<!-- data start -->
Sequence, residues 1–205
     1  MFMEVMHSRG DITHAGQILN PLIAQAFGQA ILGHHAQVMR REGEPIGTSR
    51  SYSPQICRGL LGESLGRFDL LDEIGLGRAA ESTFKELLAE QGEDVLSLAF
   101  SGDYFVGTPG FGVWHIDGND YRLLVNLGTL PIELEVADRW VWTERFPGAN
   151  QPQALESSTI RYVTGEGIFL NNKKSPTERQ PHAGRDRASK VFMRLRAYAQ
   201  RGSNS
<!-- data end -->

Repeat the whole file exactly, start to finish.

Sequence, residues 1–205
     1  MFMEVMHSRG DITHAGQILN PLIAQAFGQA ILGHHAQVMR REGEPIGTSR
    51  SYSPQICRGL LGESLGRFDL LDEIGLGRAA ESTFKELLAE QGEDVLSLAF
   101  SGDYFVGTPG FGVWHIDGND YRLLVNLGTL PIELEVADRW VWTERFPGAN
   151  QPQALESSTI RYVTGEGIFL NNKKSPTERQ PHAGRDRASK VFMRLRAYAQ
   201  RGSNS